In 2008 R2, to load a single member row into an entity with, say, 5 attributes required a total of 6 rows of data to be sent to two staging tables. The staging table in MDS 2008 R2 handled bulk imports of ALL entities, ALL attributes, and ALL relationships with only 4 tables, regardless of the number of Models or Entities. The two main tables were for Members and Attributes, with the latter being in an ‘Attribute Name/Attribute Value pair’ format. So your one row of data with 5 attributes would turn into one row of data in the Members staging table, plus 5 rows of un-pivoted data in the Attributes table. Entities with few attributes did not cause major issues, but complex attributes could tend to bloat the staging tables. In addition, if two different processes were trying to load two different entities at the same time, there was the possibility that both sets of data could be co-mingled to the one set of staging tables. This would not be an issue if all data would be staged within one batch, but trying to then process a sub-set of staging data could be difficult.

In SQL 2012 MDS, each entity now gets its own staging table for imports, with meta-data to match, plus a dedicated stored procedure to process data in that table. Not only does this eliminate the need to un-pivot the attributes to attribute/value pairs, it eliminates any possibility that entities could be mixed in the staging import tables.

Dynamic Cell Formatting in SSRS

Early in my Business Intelligence Designer days using other report designer tools, I was all about the data. Get the data onto the report, black and white, never mind fancy fonts or colors. After all, the numbers won’t be any different if you try to make them prettier. A bit like putting lipstick on a pig! Then I came to realize that judicious deviation from the default fonts was not only acceptable, but desirable as evidenced in SQL Server Reporting Services report templates. Sub-total numbers started showing up in a heavier and more prominent font and weight. Grand total number even more so. Such emphasis on the more important numbers on a report help the eyes to quickly identify them as such, leaving the brain to concentrate on other things, such as the numbers themselves. You end up spending more time thinking about the data, and less time finding what you want.

But report cell formatting can go so much further than simply putting more emphasis on numbers at the bottom of the page. With SQL Server Reporting Services, you have the ability to do ‘conditional formatting’, much like can be done in Excel or Access. (If one number is greater than another, format the cell one way, if not, do something else.) To take advantage of the rich formatting options available in SSRS, you need to understand a few basic concepts, and some nuances of Reporting Services.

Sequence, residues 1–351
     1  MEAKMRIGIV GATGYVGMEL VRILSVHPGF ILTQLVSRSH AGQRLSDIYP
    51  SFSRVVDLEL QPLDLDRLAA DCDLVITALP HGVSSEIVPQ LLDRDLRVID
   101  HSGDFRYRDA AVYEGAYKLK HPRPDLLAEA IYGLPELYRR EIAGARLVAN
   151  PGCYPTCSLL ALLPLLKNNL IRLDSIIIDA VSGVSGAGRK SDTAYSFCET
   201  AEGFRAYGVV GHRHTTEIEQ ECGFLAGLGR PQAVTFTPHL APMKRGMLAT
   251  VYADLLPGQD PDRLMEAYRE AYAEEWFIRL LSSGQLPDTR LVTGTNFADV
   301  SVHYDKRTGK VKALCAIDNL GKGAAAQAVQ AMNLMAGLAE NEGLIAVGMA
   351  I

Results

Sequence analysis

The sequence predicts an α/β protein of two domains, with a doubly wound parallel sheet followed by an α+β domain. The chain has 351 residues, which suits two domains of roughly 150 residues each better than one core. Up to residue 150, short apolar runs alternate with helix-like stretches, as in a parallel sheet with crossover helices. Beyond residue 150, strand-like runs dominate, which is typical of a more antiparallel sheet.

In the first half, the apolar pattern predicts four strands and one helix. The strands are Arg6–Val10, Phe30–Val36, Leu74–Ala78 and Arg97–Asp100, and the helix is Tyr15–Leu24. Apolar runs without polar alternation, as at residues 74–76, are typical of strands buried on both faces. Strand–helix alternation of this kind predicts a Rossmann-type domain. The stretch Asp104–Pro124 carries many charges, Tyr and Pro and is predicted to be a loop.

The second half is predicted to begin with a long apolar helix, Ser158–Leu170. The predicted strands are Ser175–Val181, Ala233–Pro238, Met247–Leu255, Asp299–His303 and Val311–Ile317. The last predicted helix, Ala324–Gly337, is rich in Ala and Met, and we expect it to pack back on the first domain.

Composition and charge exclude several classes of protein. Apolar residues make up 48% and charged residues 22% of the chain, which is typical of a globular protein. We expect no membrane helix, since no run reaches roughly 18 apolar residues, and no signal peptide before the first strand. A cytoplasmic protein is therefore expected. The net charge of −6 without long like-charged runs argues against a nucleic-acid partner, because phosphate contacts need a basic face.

Know Your Properties

Click on a tablix cell in a report, then click the Properties button.

Note the myriad of properties that can be set just for the cell formatting. Each property, when you go to access its options via the drop-down menu, will have a choice labeled “Expression…”. This is where we will be putting in the ‘conditions’ of the conditional formatting.

Know your Expression Editor, Program Flow expressions, and Property expressions

The Expression Editor in Reporting Services is a powerful tool. For the purposes of our conditional formatting, we’ll be using it to a) examine some value, b) set a Property, and c) supply a default. For the Font Color property of a cell, click the Expression… option below the color palette (see the screen shot above). At this point, the Expression will most likely contain the single word “Black“, assuming you are going with a standard font color. Also note that the work Black is NOT enclosed in double quotes.


In the Category list in the lower left, expand the Common Functions node, then click on Program Flow. Note that there are three functions in the Item list:


Each of these can be used effectively for this task, but we’ll stick with the IIf ( ) function as it is probably the easiest to understand. Basically it works like this: IF a certain condition evaluates to TRUE, THEN do what it says in the second section, OTHERWISE, do what it says in the third section (the default). To see it in action, enter the following formula:

=IIf ( 1 = 1 , “Black” , “Red” )

Click OK, then Preview the report. Because 1 always equals 1, the first section evaluates to TRUE, so the second section is used, in this case “Black”. Note that we need to enclose our color names in double quotes in the Expression Editor for this to work. Now edit the formula and replace the 1 = 1 with 1 = 0. The preview will show the cell contents in a red font. Armed with this knowledge, we can replace the 1 = 0 with a more appropriate business condition. Delete the 1 = 0 text, but leave the cursor in that spot. Click on the Fields (DatasetName) node to see a list of fields available for the Dataset. Double click one to have it inserted in the formula. Add some examination criteria for it that makes sense to your business users. Remember that this part of the expression must evaluate to either True or False. Your final Expression might look like this: